- Business Week (1991). PQ costs were estimated on 26,000 million USD per year in the United States.
- EPRI (1994). This study pointed 400,000 million USD per year for PQ costs in the United States.
- US Department of Energy (1995). PQ costs were estimated on 150,000 million USD per year for United States.
- Fortune Magazine (1998). Stated that PQ costs were around 10,000 million USD per year in United States.
- E Source (2001). A study comprising continuous process industries, financial services and food processing in the United States, estimated the average annual costs of PQ problems on 60,000 to 80,000 USD per installation.
- PQ costs in EU (2001). Overall PQ costs in industry and commerce, in European Union, are estimated in 10,000 million EUR per year .
The estimates of the various studies differ a lot, but all point to a common factor: the PQ costs are enormous.
C. Costs of Momentary Interruptions
An interruption is the PQ problem with the most perceivable impact on facilities. Table II summarizes the typical costs of momentary interruptions (1 minute) for different types of consumers. The costs presented are without major investments in technologies to achieve ride-through capabilities to cope with the interruption. These values are based on published services and Electrotek Concepts experiences with individual studies .
Table II – Typical costs of momentary interruptions (1 minute, in $/kW demand, for different types of industrial and services facilities.
||Cost of momentary interruption ($/kW demand)
|Rubber and plastics
|Communication, information processing
|Hospitals, banks, civil services
|Restaurants, bars, hotels
As it can be seen, the industrial sector is the most affected by interruptions, especially the continuous process industry. In the services sector, communication and information processing is the most affected business area.
The costs of interruptions are also function of its duration. Fig. 4 depicts the costs of interruptions against its duration.
Fig. 4 – Costs of interruptions as function its duration .
5. Solutions for PQ Problems
The mitigation of PQ problems may take place at different levels: transmission, distribution and the end-use equipment. As seen in Fig. 5, several measures can be taken at these levels.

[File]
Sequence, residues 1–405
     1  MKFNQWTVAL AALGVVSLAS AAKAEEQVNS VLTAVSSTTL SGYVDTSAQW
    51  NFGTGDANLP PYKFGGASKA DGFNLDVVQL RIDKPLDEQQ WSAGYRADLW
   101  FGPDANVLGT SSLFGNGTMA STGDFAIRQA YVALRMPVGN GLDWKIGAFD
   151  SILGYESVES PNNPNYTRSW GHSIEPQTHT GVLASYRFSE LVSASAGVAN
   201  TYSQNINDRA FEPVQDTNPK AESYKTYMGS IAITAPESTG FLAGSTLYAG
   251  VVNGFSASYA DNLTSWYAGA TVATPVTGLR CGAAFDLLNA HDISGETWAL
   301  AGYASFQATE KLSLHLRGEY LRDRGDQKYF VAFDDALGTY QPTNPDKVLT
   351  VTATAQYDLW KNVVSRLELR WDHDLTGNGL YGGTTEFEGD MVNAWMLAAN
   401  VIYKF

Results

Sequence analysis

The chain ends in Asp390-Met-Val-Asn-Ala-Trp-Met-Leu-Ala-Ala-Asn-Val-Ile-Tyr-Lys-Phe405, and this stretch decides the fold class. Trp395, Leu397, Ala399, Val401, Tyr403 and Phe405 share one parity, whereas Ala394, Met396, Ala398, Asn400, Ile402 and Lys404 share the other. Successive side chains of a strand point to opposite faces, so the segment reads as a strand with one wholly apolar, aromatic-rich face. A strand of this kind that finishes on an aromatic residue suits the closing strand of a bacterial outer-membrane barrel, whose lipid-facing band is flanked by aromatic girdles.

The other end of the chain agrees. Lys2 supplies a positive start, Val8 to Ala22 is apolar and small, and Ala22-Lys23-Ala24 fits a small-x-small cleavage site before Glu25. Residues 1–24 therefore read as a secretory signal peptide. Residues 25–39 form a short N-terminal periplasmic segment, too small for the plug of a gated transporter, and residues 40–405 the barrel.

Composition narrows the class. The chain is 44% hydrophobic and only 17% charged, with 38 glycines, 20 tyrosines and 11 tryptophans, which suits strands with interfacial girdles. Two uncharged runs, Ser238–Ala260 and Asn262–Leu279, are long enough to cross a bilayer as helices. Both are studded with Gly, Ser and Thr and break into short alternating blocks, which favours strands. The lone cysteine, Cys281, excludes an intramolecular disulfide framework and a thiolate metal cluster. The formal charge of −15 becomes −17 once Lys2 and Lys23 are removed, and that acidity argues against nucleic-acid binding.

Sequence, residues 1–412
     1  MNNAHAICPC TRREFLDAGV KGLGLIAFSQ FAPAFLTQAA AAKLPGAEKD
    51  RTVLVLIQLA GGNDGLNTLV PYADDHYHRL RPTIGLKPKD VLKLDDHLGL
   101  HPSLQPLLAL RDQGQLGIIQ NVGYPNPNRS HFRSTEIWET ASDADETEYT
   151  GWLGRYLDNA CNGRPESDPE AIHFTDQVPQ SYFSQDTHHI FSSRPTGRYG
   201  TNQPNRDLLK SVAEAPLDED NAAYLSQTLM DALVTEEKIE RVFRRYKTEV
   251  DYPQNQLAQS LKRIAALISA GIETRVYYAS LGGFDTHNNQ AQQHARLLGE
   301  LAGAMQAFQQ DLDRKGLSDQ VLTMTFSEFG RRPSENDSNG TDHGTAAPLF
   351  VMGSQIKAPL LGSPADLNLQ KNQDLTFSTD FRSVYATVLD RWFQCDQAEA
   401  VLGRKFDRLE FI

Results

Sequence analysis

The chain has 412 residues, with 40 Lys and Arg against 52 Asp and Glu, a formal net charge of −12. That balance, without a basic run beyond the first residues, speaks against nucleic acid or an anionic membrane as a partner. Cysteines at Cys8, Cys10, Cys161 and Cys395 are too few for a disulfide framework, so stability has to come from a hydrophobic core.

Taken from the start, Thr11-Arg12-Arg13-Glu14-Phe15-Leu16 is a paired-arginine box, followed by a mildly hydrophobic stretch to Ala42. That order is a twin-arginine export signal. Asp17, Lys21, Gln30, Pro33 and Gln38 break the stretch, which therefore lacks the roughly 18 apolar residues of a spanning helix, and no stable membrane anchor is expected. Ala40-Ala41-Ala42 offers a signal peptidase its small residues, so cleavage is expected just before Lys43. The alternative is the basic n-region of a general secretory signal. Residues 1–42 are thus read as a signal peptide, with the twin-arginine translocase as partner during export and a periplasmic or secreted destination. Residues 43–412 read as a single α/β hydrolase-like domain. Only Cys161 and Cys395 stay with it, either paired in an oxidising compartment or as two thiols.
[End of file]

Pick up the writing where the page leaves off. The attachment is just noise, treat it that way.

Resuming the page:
Fig. 5 – Solutions for digital power 
6. Grid Adequacy
Many PQ problems have origin in the transmission or distribution grid. Thus, a proper transmission and distribution grid, with adequate planning and maintenance, is essential to minimize the occurrence of PQ problems.
7. Distributed Resources – Energy Storage Systems
Interest in the use of distributed energy resources (DER) has increased substantially over the last few years because of their potential to provide increased reliability. These resources include distributed generation and energy storage systems.
Energy storage systems, also known as restoring technologies, are used to provide the electric loads with ride-through capability in poor PQ environment.
Fig. 6 – Restoring technologies principle .
Recent technological advances in power electronics and storage technologies are turning the restoring technologies one of the premium solutions to mitigate PQ problems.
Fig. 7 – Working principle of an energy storage system.
The first energy storage technology used in the field of PQ, yet the most used today, is electrochemical battery. Although new technologies, such as flywheels, supercapacitors and superconducting magnetic energy storage (SMES) present many advantages, electrochemical batteries still rule due to their low price and mature technology.
A flywheel is an electromechanical device that couples a rotating electric machine (motor/generator) with a rotating mass to store energy for short durations. The motor/generator draws power provided by the grid to keep the rotor of the flywheel spinning. During a power disturbance, the kinetic energy stored in the rotor is transformed to DC electric energy by the generator, and the energy is delivered at a constant frequency and voltage through an inverter and a control system. Fig. 8 depicts the scheme of a flywheel, where the major advantages of this system are explained.
Fig. 8 – Flywheel [http://www.beaconpower.com]